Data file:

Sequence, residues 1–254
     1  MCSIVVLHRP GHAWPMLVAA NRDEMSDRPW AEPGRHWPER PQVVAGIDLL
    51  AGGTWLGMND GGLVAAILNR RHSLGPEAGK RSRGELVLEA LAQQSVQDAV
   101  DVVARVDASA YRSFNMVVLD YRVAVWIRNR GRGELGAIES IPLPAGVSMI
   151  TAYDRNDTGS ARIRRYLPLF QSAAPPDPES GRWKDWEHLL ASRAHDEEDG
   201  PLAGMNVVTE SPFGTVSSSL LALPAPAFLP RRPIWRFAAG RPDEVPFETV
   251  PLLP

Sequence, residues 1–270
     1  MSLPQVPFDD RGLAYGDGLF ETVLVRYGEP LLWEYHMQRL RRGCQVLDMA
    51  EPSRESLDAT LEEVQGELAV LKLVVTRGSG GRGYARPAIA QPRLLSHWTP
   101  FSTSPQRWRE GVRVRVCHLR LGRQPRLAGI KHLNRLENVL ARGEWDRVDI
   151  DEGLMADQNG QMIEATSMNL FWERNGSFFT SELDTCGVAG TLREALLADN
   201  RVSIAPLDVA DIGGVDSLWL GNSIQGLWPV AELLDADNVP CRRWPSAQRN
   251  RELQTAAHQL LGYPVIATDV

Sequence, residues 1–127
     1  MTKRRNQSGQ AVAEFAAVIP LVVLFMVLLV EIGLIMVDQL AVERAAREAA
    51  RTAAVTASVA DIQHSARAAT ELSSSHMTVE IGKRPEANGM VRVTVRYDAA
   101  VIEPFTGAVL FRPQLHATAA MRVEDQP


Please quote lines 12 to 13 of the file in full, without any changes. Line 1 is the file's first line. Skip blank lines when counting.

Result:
   151  DEGLMADQNG QMIEATSMNL FWERNGSFFT SELDTCGVAG TLREALLADN
   201  RVSIAPLDVA DIGGVDSLWL GNSIQGLWPV AELLDADNVP CRRWPSAQRN